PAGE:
Review the Graduate School minimum academic progress and degree requirements, in addition to the program requirements listed below.
Named Option Requirements
MODE OF INSTRUCTION
|Face to Face||Evening/Weekend||Online||Hybrid||Accelerated|
Mode of Instruction Definitions
Accelerated: Accelerated programs are offered at a fast pace that condenses the time to completion. Students are able to complete a program with minimal disruptions to careers and other commitments.
Evening/Weekend: Courses meet on the UW–Madison campus only in evenings and/or on weekends to accommodate typical business schedules. Students have the advantages of face-to-face courses with the flexibility to keep work and other life commitments.
Face-to-Face: Courses typically meet during weekdays on the UW-Madison Campus.
Hybrid: These programs combine face-to-face and online learning formats. Contact the program for more specific information.
Online: These programs are offered 100% online. Some programs may require an on-campus orientation or residency experience, but the courses will be facilitated in an online format.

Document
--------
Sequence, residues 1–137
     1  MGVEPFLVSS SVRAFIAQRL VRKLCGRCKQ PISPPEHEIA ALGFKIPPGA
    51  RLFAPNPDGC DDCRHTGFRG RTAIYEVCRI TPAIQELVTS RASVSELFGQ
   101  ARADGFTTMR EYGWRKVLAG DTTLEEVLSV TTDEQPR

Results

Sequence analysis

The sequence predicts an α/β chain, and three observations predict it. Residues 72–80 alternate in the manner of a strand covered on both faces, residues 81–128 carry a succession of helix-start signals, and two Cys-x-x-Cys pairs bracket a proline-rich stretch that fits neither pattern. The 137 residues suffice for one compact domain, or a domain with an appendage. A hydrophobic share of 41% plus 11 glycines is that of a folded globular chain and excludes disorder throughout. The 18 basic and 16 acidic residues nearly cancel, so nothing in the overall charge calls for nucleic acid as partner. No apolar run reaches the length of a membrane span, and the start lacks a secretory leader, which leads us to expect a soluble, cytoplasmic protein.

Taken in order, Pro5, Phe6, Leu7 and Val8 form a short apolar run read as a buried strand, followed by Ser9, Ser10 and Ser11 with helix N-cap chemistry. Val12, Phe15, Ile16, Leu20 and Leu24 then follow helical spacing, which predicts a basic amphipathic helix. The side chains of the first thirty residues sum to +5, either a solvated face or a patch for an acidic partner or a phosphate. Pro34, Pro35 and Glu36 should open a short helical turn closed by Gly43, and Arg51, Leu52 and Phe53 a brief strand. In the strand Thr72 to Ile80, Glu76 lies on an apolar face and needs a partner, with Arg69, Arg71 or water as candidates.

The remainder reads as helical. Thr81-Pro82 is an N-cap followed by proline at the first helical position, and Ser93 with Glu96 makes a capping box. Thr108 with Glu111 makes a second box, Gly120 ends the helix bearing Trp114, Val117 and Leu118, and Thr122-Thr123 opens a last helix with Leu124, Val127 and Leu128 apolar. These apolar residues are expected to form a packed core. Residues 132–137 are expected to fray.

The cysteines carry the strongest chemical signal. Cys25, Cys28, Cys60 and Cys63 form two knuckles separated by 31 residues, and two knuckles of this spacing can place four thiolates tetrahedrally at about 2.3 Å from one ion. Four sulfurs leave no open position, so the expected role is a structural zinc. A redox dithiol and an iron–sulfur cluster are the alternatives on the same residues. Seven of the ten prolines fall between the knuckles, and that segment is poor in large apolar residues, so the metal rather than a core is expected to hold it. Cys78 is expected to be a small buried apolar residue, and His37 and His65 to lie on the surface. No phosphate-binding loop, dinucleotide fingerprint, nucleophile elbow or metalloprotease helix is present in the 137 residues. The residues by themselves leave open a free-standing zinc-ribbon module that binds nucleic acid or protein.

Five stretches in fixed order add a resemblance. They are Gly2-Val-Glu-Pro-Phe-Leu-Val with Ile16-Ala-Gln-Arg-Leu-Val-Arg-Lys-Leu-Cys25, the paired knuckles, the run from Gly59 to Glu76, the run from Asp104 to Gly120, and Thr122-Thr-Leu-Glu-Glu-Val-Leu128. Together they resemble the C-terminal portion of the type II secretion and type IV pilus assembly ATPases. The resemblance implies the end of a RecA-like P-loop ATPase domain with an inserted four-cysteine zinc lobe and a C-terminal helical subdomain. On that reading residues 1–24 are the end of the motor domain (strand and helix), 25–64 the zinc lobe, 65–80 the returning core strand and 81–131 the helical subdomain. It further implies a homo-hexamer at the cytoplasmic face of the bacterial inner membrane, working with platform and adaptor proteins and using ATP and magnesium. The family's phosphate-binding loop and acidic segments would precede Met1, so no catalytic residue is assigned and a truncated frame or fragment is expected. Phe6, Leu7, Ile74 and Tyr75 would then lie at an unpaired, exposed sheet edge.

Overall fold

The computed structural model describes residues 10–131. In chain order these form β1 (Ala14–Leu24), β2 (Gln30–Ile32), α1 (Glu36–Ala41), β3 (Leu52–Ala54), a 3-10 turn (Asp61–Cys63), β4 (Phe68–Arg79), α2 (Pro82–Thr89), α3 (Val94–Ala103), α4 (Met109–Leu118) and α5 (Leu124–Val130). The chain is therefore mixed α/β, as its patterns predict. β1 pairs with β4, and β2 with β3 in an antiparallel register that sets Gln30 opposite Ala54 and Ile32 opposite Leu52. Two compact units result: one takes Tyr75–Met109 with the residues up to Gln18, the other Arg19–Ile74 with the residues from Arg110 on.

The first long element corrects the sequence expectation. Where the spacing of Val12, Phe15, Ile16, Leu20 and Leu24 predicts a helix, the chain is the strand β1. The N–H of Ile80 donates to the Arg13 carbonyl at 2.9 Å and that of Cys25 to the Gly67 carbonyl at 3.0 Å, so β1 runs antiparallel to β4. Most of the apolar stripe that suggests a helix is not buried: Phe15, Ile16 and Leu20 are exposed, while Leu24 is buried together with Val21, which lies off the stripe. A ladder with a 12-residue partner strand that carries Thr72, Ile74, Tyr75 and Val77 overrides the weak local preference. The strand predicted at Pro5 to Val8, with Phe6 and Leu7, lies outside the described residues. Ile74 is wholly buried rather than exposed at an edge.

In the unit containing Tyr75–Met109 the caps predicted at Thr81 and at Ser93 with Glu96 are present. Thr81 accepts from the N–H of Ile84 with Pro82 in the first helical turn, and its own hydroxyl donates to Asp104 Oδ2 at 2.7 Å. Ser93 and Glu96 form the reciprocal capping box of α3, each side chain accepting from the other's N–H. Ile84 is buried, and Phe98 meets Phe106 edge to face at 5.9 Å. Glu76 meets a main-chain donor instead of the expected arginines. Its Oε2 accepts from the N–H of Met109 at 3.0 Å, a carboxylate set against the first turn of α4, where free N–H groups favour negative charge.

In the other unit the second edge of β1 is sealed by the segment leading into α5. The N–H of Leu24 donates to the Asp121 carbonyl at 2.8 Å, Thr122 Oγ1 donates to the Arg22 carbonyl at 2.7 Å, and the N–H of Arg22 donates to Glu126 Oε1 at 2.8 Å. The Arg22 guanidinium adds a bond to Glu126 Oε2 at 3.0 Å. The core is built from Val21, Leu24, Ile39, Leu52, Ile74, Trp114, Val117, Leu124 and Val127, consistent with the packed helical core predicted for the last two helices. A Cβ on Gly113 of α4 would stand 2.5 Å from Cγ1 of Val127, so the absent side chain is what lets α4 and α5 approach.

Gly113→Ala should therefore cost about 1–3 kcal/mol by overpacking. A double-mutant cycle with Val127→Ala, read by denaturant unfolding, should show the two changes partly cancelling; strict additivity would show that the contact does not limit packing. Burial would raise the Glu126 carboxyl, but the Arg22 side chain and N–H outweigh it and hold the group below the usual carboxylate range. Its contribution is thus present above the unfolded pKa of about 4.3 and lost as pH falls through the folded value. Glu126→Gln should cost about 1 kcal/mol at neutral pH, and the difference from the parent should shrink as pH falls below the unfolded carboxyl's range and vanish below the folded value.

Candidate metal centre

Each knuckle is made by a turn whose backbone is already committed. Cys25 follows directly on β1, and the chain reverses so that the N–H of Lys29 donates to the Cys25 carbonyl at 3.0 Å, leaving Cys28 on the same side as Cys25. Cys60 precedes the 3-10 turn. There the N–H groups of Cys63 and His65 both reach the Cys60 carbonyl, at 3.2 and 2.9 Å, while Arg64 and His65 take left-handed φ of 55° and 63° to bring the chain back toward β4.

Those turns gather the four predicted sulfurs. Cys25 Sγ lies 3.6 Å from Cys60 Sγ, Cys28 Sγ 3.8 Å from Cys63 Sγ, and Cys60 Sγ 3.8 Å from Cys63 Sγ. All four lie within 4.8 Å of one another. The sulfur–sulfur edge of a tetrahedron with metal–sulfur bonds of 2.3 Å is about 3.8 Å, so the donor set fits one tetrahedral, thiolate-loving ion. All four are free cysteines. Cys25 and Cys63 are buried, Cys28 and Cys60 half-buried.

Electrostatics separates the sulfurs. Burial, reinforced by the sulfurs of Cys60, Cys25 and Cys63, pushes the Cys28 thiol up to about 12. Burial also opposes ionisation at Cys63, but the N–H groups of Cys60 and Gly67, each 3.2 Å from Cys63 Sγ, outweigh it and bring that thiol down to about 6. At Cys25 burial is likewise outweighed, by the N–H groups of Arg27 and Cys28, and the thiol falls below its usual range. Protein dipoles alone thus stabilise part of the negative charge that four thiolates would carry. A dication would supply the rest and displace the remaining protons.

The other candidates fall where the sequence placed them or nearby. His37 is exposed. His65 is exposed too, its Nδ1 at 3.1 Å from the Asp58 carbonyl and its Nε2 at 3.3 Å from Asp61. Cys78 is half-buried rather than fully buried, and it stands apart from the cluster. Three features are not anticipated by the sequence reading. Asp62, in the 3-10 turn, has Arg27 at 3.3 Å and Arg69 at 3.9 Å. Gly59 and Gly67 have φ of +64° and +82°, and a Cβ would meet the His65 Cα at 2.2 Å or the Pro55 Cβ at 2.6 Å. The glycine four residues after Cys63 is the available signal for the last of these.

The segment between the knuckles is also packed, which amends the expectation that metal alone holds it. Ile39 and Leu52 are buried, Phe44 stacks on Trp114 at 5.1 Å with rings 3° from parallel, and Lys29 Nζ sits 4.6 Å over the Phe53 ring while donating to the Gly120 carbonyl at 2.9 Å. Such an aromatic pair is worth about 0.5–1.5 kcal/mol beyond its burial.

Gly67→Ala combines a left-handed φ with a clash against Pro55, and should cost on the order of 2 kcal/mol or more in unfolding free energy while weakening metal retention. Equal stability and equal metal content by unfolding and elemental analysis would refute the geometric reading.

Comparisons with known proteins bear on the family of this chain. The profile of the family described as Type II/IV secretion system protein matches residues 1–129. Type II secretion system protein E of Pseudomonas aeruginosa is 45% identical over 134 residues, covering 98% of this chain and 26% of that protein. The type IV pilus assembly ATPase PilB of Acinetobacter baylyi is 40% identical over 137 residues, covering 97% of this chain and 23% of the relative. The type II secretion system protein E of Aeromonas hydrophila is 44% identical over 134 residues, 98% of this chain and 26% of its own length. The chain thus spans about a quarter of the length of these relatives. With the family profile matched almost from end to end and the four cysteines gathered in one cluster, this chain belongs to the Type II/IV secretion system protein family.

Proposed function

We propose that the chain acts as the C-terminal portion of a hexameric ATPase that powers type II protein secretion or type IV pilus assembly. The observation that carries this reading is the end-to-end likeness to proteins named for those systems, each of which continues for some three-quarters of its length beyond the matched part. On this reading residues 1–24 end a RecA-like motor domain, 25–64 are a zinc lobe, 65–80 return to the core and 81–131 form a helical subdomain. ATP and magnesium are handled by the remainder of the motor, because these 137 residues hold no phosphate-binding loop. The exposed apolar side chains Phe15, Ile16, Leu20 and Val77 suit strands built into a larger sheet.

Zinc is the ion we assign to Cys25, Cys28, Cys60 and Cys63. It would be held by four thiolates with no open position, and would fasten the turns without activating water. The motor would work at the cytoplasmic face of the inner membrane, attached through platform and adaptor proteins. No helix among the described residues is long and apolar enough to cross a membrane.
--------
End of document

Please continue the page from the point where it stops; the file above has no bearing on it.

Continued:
|Minimum Credit Requirement||30 credits|
|Minimum Residence Credit Requirement||16 credits|
|Minimum Graduate Coursework Requirement||Half of degree coursework (15 credits out of 30 total credits) must be completed graduate-level coursework; courses with the Graduate Level Coursework attribute are identified and searchable in the university's Course Guide (https://registrar.wisc.edu/course-guide/).|
|Overall Graduate GPA Requirement||3.00 GPA required.|
|Other Grade Requirements||The Graduate School requires an average grade of B or better in all coursework (300 or above, not including research credits) taken as a graduate student unless conditions for probationary status require higher grades. Grades of Incomplete are considered to be unsatisfactory if they are not removed during the next enrolled semester.|
|Assessments and Examinations||There are no degree-specific assessments and examinations outside of those given in individual courses.|
|At least 9 credits of engineering courses in design, prototyping and manufacturing:||9|
|Therapeutic Medical Devices|
|Special Topics in Biomedical Engineering|
|Special Topics in Biomedical Engineering|
|Topics in Bio-Medical Engineering|
|Design and Human Disability and Aging|
|Redesign and Prototype Fabrication|